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The Catcher in the Rye by JD Salinger

Paper type: Essay
Pages: 5 (1234 words)
Categories: Cat, Catcher In The Rye, Human, Teenager
Downloads: 16
Views: 4

The Catcher in the Rye by J.D. Salinger a bildјngsroman novel, written in post-war America, vividly capturing the voice of adolescence and the anxieties of adolescence, which is a universal experience that tends to lead to an identity crisis. In this essay, I will discuss how J.D Salinger portrays Holden Caulfield’s state of innocence, in childhood and early adolescence, to one of experience, in adulthood. We listen to Holden Caulfield, talk to the reader, about his life experiences through each of these stages throughout the novel and we can see that with his experiences and encounters, how his character changes and develops.

The protagonist and narrator of the novel, Holden Caulfield, a 17-year-old student that speaks directly from the mental institution, in a way of a flashback to the previous Christmas.

When we are introduced to Holden, he has been expelled from an exclusive boarding school, and instead of waiting for the end of term he takes off on a train to New York.

Unwilling to go home, he goes from hotel, to bar, to park in a two-and-half-day binge of loneliness and anger. He drinks, even though he is underage, and he smokes excessively. But Holden mainly talks to the reader about his struggles and battles and reluctances of the transition to adulthood.Holden exhibits a sense of depression, confusion, anxiety and of course, the desire for sexual satisfaction. All through trying to find his own true identity between the stages of adolescence and adulthood. The stage that he is in is neither that of a child or an adult, he is in-between those two worlds. This makes him feel angry at the thought of losing his child-like innocence to become another phony adult like everyone else.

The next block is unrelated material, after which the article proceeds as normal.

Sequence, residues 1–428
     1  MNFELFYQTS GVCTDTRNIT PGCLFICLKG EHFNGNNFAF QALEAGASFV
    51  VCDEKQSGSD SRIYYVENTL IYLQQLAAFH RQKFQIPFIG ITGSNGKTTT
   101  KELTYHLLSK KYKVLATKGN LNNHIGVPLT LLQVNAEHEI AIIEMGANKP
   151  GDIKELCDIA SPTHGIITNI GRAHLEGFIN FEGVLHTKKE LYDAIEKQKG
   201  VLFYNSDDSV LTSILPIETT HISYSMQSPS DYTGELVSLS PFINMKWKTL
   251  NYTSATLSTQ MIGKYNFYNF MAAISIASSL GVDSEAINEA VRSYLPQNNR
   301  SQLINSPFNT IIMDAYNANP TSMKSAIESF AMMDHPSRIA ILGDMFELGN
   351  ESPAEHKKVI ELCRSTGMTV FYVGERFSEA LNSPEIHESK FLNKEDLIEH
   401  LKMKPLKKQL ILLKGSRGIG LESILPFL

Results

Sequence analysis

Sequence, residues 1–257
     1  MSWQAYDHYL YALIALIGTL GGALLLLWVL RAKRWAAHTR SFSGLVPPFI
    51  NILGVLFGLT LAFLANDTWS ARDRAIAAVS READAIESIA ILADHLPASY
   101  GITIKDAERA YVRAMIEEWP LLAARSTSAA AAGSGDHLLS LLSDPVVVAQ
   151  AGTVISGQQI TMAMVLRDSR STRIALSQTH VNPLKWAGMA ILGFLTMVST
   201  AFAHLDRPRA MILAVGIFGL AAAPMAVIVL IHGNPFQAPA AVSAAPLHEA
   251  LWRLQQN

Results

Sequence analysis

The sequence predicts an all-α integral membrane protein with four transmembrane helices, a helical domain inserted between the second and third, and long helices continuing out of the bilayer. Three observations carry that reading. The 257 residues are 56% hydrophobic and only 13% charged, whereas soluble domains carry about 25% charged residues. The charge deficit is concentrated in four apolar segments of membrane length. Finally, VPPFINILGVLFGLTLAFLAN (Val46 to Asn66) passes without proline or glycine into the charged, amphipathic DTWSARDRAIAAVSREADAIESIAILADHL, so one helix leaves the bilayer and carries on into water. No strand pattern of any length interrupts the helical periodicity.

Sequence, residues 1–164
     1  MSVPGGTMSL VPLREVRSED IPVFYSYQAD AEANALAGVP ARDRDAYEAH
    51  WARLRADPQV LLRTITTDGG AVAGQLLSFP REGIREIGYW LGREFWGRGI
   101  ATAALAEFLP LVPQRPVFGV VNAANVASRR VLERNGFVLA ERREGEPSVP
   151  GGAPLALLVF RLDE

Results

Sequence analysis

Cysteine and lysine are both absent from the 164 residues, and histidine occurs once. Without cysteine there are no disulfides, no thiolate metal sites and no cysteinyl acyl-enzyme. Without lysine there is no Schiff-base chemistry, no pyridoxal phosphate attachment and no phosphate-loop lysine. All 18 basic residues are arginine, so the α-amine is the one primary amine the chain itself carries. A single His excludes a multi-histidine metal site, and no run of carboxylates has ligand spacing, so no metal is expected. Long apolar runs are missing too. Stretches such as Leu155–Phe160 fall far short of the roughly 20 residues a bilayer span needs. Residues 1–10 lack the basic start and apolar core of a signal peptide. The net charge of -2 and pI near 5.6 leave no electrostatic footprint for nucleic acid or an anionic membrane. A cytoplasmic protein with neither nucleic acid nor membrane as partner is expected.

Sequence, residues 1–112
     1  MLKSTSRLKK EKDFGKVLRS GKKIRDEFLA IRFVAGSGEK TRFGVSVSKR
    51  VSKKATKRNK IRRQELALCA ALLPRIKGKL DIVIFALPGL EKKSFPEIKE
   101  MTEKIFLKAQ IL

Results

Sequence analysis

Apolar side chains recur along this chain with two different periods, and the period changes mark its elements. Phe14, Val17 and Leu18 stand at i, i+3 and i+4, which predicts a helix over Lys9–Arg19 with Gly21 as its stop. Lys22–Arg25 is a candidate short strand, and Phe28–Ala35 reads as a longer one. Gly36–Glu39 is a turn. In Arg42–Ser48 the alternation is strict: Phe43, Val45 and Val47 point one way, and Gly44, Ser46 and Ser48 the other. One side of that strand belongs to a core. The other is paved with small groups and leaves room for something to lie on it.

This obsession he has with adulthood and the perception that adults do not care to understand the innocence of childhood has caused him massive internal turmoil. This obsession Holden has of phonies of adulthood shows how his actions and words do not necessarily match. There is a clear indication of Holden being a hypocrite, he criticises adults their responsibilities and how they do not act like children anymore, no fun or happiness. He calls them phonies but at the same time he himself acts like an adult by drinking alcohol and having sex, such that he could be seen as a phony himself.As we can see with Holden, He shows us that, although he is physically mature, six foot two and a half and I have gray hair. (pg13), he is very immature in his view of life and how he acts. As his perspective about himself I was sixteen then, and I’m seventeen now, and sometimes I act like I’m about thirteen. Sometimes, I act a lot older than I am–I really do. (pg9) shows us that his age itself is somewhat mature and him describing himself as thirteen could mean a young boy in stages of puberty.